Keep the sick pills handy.
From that famous book
Mysteries of Templar Treasure and the Holy Grail: The Secrets of Rennes le Chateau.
R. Lionel Fanthorpe, Patricia Fanthorpe
(Never heard of it: I'm worn out already just reading the title)
No bloodhound with a nose for truth could ever hope to be in the same league as Paul Smith. If he were an income tax inspector, a Scotland Yard fraud squad superintendent or a district auditor, the careless and the dishonest would cringe and tremble at the sound of his name. Undoubtedly Paul could also have made a high reputation for himself as an analytical chemist - if chemistry had interested him as much as Rennes does. His appetite for facts is voracious. He devours all the relevant data, cross references it thoroughly, re-checks everything three times and still keeps a question mark handy in case he's overlooked something. Paul goes to war with two battle cries emblazoned across his banner. "Who said so?" and "Where did he get it from?" His appendix to the present volume, for which the authors and publishers are most grateful, is a mine of tightly compressed, granite hard information.
Pardon me a moment I need the toilet.
Thank you Mr and Mrs Fanclub.
If he was a tax inspector I'd be getting a rebate by now. If he'd been an analytical chemist he'd have blown himself up.
The key words here are tightly compressed
Tightly compressed to the point that anything he doesn't like doesn't get mentioned.
Whenever I cross swords with him I always ask him to rewrite his passage about Jacques Cholet. Where Smith boasts that the whole church was investigated and nothing was found. Then I mention Cholet's own words and point out that he found some documents in the church. Smith instantly, without offering any corroborative evidence instantly dismisses them as fake.
He quotes Cholet as saying he didn't find anything but conveniently leaves out this piece from Cholet's report:
RESULTS OF THE RESEARCHES
A) On my own account I excavated both under and behind the altar but found nothing.
I also excavated in line with and in front of the altar - again nothing. Under the staircase of the pulpit is another staircase that runs down to the cemetery. In the small tower to the left of the sacristy it seems that the stones of the party wall with the apse are arranged in the form of a discharging arch, but this is vague. Under the floor of the sacristy I found the beginning of a staircase running southwards. Its steps were roughly hewn and it was as wide as the entry to the sacristy. In the year in question I had to abandon my researches, as both my holidays and my financial resources had come to an end.
B) Some years later, a quite wealthy person agreed to finance my work, my holiday and my staff. So I returned. We wasted a great deal of time in vain discussions and in trips to obtain an excavation permit. At the beginning I was also made to tear up the floor of the church, starting from the pulpit: my sponsor, a pendulum enthusiast, had located the entrance of the underground passageways there - but we found nothing. I persevered as far as the foundations of the church, digging as far as virgin soil. We found the outline of numerous empty vaults. We resumed the same task along the south wall, with approximately the same result, the only difference being that all the human remains, which were missing on the other side, had been placed there higgledy-piggledy. On the advice of a female clairvoyant we were urged to excavate behind the Altar - but found nothing. The winter and the snow then obliged us to stop work.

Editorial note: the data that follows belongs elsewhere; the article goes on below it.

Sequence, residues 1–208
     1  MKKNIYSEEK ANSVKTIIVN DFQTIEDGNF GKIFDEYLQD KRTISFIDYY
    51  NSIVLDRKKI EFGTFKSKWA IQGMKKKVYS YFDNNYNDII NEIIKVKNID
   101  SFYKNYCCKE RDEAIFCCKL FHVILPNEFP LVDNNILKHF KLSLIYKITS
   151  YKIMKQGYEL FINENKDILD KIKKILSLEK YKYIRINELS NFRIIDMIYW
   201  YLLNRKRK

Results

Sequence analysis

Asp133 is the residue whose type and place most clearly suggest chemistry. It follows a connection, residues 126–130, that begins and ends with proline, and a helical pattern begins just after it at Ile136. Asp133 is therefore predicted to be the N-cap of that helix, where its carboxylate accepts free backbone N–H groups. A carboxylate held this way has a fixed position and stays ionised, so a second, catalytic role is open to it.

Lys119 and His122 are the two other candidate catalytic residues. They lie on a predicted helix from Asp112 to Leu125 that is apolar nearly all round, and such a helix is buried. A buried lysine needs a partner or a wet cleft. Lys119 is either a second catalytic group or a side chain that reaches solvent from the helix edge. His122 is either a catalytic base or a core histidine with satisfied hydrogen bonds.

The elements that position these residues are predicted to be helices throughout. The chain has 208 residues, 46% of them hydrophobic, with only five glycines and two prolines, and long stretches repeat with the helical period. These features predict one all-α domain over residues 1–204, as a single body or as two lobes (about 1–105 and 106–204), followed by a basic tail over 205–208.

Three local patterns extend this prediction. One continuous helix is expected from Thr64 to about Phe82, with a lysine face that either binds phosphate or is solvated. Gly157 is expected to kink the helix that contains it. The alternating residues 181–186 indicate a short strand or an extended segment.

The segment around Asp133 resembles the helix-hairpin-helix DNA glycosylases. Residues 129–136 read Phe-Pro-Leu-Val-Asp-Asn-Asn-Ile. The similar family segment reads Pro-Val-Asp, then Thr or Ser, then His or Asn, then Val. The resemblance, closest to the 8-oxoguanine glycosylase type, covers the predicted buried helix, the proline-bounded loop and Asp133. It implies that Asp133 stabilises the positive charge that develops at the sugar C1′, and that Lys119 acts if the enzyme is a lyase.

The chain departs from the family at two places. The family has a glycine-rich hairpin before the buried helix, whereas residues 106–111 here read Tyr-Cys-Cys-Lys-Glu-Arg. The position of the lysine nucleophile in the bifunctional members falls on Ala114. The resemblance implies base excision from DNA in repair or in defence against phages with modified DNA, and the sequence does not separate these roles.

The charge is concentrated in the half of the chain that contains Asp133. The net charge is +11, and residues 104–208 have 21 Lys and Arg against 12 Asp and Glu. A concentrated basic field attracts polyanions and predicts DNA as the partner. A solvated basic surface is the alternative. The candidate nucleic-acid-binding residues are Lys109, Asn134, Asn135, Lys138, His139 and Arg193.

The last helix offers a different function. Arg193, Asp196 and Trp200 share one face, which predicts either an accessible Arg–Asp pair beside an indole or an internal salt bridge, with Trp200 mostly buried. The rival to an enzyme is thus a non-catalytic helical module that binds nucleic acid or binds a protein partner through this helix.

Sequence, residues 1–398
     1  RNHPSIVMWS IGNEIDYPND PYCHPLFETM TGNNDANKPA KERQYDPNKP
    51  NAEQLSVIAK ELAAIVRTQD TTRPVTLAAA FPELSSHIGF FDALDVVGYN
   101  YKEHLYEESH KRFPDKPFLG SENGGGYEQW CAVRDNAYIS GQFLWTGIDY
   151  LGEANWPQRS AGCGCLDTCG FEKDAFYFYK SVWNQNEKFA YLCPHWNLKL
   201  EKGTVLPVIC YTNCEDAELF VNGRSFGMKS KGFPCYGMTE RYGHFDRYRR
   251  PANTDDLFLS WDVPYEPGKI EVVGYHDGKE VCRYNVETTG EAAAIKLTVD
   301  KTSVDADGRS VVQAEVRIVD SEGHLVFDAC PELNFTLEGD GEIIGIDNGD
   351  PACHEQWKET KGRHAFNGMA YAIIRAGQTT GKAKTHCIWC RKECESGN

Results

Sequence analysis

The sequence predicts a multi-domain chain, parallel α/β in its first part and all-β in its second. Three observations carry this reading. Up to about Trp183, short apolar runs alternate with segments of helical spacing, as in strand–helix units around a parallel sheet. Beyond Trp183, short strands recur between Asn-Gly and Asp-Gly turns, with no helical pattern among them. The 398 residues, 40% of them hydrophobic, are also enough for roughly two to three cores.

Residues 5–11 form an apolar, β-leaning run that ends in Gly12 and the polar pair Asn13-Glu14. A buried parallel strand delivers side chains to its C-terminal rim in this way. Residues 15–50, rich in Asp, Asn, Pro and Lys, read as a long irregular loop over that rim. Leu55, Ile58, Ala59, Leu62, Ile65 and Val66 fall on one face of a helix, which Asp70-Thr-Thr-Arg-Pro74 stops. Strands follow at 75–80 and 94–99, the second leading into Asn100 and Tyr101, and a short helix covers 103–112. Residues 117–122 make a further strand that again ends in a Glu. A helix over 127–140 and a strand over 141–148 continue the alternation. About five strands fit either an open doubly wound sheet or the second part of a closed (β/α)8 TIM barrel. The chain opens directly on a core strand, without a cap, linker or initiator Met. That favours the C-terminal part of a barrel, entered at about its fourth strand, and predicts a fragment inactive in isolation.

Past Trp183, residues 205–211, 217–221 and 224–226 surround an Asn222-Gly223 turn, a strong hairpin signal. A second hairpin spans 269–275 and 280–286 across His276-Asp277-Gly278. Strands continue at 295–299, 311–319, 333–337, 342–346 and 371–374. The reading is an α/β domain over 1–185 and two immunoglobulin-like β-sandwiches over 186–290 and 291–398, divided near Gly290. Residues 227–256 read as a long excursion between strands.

C) With Mr. Domergue and his friends we dug an approach trench about 18 metres long through solid rock, starting from his property. Mr. Domergue was convinced that the entrance to the underground passages was near the Altar, but the approach trench got as far as the area underneath the altar and we found nothing. This same researcher had already dug on his own, starting from a place that was part of the former presbytery, following the course of a bricked-up chimney which seemed to have served as a breather. He abandoned it, having lost the route of the chimney. He also dug from the path that ran alongside the cemetery at the north-west angle of the cemetery, but again without result. He used explosives to remove the cover of a well situated on his property. It was there that he found the parchment of Dominique de Mirepoix. In principle it is in this well that the underground passage should emerge. In its inner walls nothing looked as if it had been made with human hands. He also began digging in the foundations, in the tank under the old forge, but without result.
D) Long before these excavations took place researchers from Carcassonne had shut themselves up inside the church. They excavated without asking anything and without saying anything afterwards as to whether they had found anything or not.
E) Plenty of other researchers have come and dug without result.
13) They say that, down the centuries, two people have succeeded in entering the underground passages:
A shepherd pursuing an escaped goat followed it into a hole where he found human remains and where the soil was strewn with gold coins. He brought quite a large quantity of the coins out with him but was accused of theft and executed. They also say that a priest found some treasure in the time of Louis XIV. In 1959, when I was working in the church, a postman came in and said to me: 'There is an underground passageway which runs from the church to the chateau, but I wouldn’t go there for anything in the world'. He also said to me: 'The Curé Saunière used to get a lot of money orders sent to him through the post'.
We've got your number Smith. Here
is a genuine report honestly given by M. Cholet and Smith leaves out the bits he doesn't like.